Multi-level marketing companies are quick to tout the success of their “million dollar earners.” Sounds impressive, doesn’t it? Who doesn’t want to make a million dollars?
Except that phrase “million dollar earner” hides the truth:
- What they don’t clearly mention is that this is cumulative earnings over a number of years, typically between 5 and 20 years.
- They also fail to mention that this is gross income, prior to any business expenses. The business expenses in multi-level marketing can get very high, and will include product purchases (in order to stay active and/or meet requirements for certain commission levels), travel, office expenses, training costs, business insurance, supplies, prizes for customers and downlines, venue rental for events, food for events, etc. The expenses can easily equal 40% to 60% of gross income.
- The companies don’t usually tell you that the $1 million is NOT cash income. This “income” includes the value of prizes that are received.
- The most typical prizes received from multi-level marketing companies include trips, jewelry, and cars. Sounds great to get free trips, jewelry, and cars, doesn’t it? Except they forget to tell you that you will be taxed on the value of those prizes, and the value assigned to those prizes is often well above what you would pay if you bought the trip or car on your own. Inflated values on prizes mean you pay inflated taxes.
- Self-employment taxes are never mentioned. With traditional employment, you pay about 7.65% of your wages in Social Security and Medicare taxes. When you are self employed, you pay double, or about 15.3% in Social Security and Medicare taxes.
- Also not mentioned are the benefits, or lack thereof. When you are self-employed, there is no such thing as paid time off (vacation, sick leave, or other PTO). There is no company contribution to a retirement plan. There is no company provided health insurance or disability insurance. You are on your own to cover all of those.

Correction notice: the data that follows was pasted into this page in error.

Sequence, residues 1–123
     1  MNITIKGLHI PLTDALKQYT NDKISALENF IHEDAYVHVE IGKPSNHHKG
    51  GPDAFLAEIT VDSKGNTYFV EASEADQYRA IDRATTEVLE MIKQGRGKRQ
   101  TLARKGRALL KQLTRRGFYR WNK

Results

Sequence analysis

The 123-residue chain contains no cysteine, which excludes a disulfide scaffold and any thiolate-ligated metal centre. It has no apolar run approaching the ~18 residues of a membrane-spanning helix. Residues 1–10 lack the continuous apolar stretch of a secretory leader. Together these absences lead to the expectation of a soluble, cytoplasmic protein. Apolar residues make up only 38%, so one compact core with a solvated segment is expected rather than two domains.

Suddenly, the “million dollar earner” status doesn’t sound so good, does it? Even if you get to one million quickly (let’s assume you do it in 5 years), you have $200,000 in gross income. Plan on business expenses of at least 40%, or $80,000. Plan on health insurance of $4,000 to $10,000 per year, depending on the size of your family. Plan on the extra Social Security and Medicare taxes to take another $9,000. And no benefits.
And please don’t believe the hype that these multi-level marketing shills “retired” from their jobs and are “at home with their kids.” In order to make this kind of money, these people are working 40 to 60 hours a week. They are definitely not retired, and they probably have less quality time with their kids than most of us.
AND… they make their living dishonestly. Multi-level marketing is not a business, and you must lie and deceive if you want any chance of recruiting new people into the scam. And the only way you make the big bucks, is through recruiting. Because there is almost NO retail market for MLM products.